The divine and natural order for the development of society are all on the Mayflower in the germ. Religion seeking divine assistance, and wisdom, with good-will toward one another, which is its natural fruitage; or, in other words, morality; and evincing itself in the loftiest notions of liberty and equality. This is the true historical and scientific development; for, as De Tocqueville says,
“Liberty cannot be established without morality, nor morality without faith," 8 As has been said: “Here was the spirit of religion and
1 Encyclopædia Britannica, "Independent." ? Democracy in America, p. 35.
8 Ibid., p. II.
the spirit of liberty, which so often were in open conflict,” happily combined and united to accomplish a result. And what was that result? Congregationalism in religious affairs and democracy in civil affairs, for democracy implies equality, -one being the same as another in law.
As to the notions of liberty which prevailed among the Puritans who came over with Governor Winthrop in June, 1630, hear what he says:
"Nor would I have you to mistake in the point of your own liberty. There is a liberty of corrupt nature which is affected both by men and beasts to do what they list; and this liberty is inconsistent with authority, impatient of all restraint; by this liberty, ‘sumus omnes deteriores': 'tis the grand enemy of truth and peace, and all the ordinances of God are bent against it. But there is a civil, a moral, a federal liberty which is the proper end and object of authority; it is a liberty for that only which is just and good: for this liberty you are to stand with the hazard of your very lives, and whatsoever crosses it, is not authority but a distemper thereof. This liberty is maintained in a way of subjection to authority; and the authority set over you will, in all administrations for your good, be quietly submitted unto by all but such as have a disposition to shake off the yoke and lose their true liberty, by their murmuring at the honour and power of authority."1
This whole conception of liberty is biblical, and founded on Christ's definition, that only truth (or law) can set free. This idea of liberty became the sentiment of New England; and Governor John Treadwell, of Connecticut, wrote a letter to Rev. Nathaniel Emmons, July 11, 1800, in which he says:
“Liberty I love; but it is that liberty which results from the most perfect subjugation of every soul to the empire of law, and not that which is sought by illuminers and atheists.” 2
“ In 1641 these legislators whether in their political or ecclesiastical capacity never conceived any polity which should grant freedom of action in the modern sense. They did not believe such a society to be possible and they would not have considered it desirable. Freedom and liberty meant the working out of a life soberly restrained according to the will of the majority. This major will was directed divinely through the medium
1 De Tocqueville, Democracy, p. 42.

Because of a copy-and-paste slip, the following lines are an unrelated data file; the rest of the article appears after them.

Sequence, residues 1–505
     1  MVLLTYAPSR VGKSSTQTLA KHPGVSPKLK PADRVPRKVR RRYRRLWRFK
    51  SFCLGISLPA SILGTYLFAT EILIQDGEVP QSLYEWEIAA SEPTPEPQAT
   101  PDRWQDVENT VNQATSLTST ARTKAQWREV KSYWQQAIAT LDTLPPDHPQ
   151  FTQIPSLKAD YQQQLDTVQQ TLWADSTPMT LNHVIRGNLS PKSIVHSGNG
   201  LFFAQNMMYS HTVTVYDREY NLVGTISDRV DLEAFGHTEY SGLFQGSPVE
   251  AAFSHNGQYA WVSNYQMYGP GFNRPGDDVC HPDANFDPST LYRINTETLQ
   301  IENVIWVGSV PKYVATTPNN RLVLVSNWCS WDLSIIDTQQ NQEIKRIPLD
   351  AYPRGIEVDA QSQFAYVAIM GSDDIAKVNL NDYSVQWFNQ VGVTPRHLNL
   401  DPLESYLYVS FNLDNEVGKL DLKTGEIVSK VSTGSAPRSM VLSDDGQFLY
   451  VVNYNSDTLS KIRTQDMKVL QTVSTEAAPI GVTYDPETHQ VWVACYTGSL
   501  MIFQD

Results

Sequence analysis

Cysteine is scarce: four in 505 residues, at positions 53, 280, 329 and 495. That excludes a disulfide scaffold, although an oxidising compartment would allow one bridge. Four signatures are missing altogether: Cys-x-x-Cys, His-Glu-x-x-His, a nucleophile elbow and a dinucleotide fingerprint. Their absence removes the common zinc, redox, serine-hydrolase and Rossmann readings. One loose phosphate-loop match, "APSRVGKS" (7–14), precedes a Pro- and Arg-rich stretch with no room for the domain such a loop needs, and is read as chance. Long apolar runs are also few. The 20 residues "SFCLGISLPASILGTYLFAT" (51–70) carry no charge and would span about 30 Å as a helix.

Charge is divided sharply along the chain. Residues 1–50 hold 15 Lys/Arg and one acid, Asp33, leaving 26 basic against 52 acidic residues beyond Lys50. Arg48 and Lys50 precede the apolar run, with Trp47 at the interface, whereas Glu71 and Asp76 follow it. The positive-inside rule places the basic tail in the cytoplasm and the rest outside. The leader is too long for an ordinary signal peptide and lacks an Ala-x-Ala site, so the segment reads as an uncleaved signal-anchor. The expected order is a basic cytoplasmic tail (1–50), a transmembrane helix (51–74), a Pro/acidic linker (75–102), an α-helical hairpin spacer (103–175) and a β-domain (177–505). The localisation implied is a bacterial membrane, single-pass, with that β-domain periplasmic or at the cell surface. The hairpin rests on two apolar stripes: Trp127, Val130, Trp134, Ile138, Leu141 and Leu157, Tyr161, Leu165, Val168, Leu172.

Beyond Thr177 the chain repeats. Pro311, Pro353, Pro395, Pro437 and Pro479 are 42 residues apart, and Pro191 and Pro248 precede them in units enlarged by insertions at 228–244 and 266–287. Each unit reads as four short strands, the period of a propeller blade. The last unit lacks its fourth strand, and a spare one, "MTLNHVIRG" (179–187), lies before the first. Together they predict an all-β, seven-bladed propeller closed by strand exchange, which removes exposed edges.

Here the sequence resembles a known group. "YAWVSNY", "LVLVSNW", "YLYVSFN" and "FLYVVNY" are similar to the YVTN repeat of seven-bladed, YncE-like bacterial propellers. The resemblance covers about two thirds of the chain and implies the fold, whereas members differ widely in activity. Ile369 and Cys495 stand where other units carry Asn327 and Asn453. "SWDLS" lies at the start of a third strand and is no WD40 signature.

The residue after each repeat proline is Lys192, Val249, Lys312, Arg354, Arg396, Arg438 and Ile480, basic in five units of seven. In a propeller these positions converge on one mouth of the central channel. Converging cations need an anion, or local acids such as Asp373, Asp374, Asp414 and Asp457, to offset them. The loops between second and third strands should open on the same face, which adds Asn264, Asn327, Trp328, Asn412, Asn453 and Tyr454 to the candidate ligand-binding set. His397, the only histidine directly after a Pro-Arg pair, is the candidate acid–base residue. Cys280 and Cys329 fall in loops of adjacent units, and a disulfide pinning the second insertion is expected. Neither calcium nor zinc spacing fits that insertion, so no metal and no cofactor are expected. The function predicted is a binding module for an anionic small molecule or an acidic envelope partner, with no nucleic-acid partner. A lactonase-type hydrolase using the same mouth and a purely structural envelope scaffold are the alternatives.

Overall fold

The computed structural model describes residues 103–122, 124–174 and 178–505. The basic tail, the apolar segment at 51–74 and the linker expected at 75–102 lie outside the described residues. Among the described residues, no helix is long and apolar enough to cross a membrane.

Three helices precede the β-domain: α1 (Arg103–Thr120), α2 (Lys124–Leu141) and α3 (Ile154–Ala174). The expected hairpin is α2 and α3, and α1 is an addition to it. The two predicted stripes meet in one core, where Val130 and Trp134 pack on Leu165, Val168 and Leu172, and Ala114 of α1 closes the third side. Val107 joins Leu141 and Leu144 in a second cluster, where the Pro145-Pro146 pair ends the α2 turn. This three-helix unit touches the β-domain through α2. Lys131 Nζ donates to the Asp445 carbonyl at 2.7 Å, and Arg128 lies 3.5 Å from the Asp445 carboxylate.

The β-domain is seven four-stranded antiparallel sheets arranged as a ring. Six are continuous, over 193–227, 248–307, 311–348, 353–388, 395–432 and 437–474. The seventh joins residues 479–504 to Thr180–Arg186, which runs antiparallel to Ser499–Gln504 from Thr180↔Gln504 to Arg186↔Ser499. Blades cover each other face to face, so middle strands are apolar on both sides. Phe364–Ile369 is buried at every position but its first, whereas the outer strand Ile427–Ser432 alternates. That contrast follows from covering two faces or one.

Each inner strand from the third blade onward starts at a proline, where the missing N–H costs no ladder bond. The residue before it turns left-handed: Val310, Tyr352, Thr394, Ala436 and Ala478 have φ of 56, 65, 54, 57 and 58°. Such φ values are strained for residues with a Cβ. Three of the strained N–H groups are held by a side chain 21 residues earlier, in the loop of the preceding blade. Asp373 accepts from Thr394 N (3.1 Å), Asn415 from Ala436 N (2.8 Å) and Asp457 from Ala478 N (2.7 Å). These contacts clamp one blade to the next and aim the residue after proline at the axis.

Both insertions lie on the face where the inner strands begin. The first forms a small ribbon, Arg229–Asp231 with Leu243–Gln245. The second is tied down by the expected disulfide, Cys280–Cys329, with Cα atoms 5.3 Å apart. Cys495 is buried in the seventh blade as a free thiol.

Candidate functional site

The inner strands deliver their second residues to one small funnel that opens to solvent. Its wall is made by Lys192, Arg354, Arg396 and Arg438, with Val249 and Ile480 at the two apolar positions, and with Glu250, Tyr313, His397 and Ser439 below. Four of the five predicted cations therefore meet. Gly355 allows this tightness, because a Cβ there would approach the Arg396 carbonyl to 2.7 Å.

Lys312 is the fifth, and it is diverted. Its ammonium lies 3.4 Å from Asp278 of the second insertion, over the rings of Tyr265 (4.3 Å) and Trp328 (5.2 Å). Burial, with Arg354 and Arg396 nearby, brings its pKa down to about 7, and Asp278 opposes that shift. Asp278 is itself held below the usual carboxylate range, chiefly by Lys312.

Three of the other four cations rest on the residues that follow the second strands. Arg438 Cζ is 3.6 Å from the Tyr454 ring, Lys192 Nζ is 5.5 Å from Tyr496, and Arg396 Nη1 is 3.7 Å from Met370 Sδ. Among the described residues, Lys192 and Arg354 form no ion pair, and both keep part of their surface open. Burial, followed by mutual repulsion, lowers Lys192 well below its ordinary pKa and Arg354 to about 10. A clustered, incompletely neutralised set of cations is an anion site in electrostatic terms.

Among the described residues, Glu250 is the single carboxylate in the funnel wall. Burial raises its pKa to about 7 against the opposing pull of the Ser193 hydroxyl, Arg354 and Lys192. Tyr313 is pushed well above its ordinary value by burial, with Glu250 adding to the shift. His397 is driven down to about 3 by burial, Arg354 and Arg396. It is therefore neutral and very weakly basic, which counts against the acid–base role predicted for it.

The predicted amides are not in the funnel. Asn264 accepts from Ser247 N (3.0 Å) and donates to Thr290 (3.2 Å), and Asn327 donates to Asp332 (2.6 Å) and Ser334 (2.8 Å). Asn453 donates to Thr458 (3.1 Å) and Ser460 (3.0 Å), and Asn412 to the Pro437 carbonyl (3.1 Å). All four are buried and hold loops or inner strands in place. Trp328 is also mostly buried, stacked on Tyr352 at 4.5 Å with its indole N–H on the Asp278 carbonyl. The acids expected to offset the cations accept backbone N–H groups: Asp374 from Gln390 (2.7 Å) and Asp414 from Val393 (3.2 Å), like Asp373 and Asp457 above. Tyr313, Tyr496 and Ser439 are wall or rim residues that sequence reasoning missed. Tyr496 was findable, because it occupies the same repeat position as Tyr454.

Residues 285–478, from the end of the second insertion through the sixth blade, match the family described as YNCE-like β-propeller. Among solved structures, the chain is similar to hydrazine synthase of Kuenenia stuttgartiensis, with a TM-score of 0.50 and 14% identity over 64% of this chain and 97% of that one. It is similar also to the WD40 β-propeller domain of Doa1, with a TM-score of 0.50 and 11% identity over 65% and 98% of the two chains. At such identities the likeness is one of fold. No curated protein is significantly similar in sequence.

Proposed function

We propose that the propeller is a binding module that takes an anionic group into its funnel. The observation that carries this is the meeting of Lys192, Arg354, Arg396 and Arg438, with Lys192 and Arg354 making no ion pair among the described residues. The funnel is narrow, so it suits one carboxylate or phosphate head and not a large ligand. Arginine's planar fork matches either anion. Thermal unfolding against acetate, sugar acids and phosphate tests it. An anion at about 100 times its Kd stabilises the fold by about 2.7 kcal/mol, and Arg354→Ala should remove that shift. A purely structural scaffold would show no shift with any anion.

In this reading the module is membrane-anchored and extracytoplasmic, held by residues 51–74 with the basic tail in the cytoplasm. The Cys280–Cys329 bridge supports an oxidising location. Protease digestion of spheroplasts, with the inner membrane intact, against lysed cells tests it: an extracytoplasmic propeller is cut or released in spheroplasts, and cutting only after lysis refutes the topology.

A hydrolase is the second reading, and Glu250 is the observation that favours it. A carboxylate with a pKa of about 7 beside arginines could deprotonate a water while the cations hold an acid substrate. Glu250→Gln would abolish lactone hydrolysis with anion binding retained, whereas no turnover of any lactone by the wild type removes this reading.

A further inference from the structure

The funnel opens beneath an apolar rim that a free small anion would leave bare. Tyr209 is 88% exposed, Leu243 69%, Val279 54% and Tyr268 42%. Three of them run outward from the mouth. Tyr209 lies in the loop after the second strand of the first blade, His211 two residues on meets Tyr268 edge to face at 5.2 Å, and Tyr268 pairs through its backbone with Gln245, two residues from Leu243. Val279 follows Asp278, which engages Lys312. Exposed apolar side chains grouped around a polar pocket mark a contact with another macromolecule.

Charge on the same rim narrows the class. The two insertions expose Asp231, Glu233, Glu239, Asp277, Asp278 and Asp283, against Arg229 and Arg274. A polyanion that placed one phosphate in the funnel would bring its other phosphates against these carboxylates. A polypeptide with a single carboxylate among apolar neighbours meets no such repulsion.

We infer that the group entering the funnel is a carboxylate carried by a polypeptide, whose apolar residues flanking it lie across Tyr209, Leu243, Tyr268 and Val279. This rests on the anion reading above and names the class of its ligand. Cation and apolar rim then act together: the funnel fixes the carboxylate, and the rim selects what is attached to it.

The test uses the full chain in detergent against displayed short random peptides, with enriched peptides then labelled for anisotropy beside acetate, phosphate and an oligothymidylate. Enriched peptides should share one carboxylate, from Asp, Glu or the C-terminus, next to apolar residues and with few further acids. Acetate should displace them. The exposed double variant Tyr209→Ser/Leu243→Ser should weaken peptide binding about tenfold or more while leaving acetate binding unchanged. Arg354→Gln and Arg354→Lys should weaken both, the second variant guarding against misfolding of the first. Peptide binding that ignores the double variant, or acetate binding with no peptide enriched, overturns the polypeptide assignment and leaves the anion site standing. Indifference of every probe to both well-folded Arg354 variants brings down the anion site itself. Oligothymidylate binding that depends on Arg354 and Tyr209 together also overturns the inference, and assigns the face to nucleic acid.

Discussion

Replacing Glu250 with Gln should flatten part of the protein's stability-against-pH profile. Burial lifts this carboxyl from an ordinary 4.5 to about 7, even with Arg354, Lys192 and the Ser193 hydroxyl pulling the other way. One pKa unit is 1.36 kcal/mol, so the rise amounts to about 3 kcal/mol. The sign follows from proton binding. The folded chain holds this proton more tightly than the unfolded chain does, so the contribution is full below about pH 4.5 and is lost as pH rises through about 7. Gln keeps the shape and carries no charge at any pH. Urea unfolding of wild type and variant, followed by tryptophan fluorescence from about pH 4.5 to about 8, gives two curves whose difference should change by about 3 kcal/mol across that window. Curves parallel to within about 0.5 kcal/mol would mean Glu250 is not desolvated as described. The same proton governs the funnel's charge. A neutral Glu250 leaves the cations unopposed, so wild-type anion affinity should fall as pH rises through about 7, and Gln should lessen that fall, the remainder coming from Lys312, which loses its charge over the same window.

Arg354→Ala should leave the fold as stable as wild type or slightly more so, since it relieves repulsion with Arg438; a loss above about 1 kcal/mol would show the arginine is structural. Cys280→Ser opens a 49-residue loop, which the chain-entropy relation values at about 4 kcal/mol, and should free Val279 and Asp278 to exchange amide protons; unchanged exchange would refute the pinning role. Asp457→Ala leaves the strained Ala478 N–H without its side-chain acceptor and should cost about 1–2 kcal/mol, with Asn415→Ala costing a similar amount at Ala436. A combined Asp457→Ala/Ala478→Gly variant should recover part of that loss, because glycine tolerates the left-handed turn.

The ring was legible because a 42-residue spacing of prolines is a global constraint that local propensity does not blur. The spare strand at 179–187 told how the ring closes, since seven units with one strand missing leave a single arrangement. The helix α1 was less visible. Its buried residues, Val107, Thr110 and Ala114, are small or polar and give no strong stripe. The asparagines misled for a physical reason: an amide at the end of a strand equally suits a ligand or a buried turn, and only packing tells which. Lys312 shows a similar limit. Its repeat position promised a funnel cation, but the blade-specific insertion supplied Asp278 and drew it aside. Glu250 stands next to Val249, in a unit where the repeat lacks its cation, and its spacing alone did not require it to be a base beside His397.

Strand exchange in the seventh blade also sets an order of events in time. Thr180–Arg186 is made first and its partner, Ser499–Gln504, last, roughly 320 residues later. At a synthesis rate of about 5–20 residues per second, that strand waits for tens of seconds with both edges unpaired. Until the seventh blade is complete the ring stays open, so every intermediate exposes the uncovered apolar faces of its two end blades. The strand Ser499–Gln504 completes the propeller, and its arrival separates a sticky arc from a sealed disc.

of the Bible interpreted by pastors and elders. This was the mind of Massachusetts and Connecticut."1
Josiah Quincy said, that liberty of conscience would have produced anarchy in the seventeenth century. This conception of liberty and equality is the gift of Congregationalism to the Republic, and its fruitage is seen in Mr. Lincoln's high thought of obedience to law:
"Let reverence for law be breathed by every mother to the lisping babe that prattles in her lap; let it be taught in the schools, seminaries and colleges; let it be written in primers, spelling-books and almanacs; let it be preached from pulpits and proclaimed in legislative halls and enforced in courts of justice; in short let it become the political religion of the nation.”
The late Dr. William Frederick Poole wrote as follows:
“The rise and growth of Congregationalism make an important chapter in the historical development of modern free thought. It is in religion what democracy is in the conduct of civil affairs. It inculcates the duty and right of each individual to interpret the Scriptures for himself and vests all ecclesiastical power in the brotherhood of each local church as an independent body. Every other human authority in spiritual affairs, whether it be council, hierarchy or synod, it rejects together with all antiquated symbols, rites, functionaries and other machinery which come between the individual soul and its Maker. It is the exaltation of the individual, and the dethronement of all outside spiritual dictation. . . . It was the polity under which New England was settled, and there it was the dominant influence for two centuries in moulding its institutions. It is not strange that a system so unlike that of England and the other nations of Europe should have wrought out an independent and peculiar people. As the individual was the unit of power in Church and State, it was essential that all the citizens should be educated; and hence colleges and free schools were established at the outset. Such a development of individ. ualism was necessarily the occasion of many internal controversies and disputes; but both State and Church withstood the strain, grew strong under it, and enjoyed a material and social prosperity such as fell to the lot of none of the other early American colonies." 2
On September 4, 1633, there arrived in Boston a man of heroic faith and scholarly attainments,—the Rev. Thomas Hooker. His coming was destined to have far-reaching re
1 Economic and Social History of New England, Vol. i. p. 179. 2 Poole's review of Dexter's Congregationalism, in the Dial, 1880.